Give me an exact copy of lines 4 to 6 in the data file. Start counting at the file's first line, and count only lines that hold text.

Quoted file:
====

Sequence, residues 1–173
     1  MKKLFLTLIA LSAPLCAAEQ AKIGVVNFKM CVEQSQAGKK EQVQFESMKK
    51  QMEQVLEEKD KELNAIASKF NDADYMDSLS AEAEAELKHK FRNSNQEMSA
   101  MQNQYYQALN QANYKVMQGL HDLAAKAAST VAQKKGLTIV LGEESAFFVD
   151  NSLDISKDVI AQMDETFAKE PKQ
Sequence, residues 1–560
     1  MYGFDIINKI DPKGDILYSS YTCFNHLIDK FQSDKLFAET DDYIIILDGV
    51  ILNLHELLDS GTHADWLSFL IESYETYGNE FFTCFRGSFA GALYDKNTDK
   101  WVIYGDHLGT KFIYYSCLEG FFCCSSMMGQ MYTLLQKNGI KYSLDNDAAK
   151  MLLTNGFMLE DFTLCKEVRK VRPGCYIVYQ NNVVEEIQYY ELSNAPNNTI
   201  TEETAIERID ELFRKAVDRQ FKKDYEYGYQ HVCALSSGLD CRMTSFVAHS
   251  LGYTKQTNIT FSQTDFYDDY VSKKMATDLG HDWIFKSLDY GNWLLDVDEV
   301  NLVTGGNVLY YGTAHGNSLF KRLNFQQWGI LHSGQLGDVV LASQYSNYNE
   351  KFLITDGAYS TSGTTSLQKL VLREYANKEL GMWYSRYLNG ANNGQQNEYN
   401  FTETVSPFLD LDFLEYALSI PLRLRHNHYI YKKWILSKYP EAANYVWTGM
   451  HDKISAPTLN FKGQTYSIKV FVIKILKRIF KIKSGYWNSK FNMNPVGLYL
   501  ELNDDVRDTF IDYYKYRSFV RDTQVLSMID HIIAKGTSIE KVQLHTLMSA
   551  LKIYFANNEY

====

   101  MQNQYYQALN QANYKVMQGL HDLAAKAAST VAQKKGLTIV LGEESAFFVD
   151  NSLDISKDVI AQMDETFAKE PKQ
Sequence, residues 1–560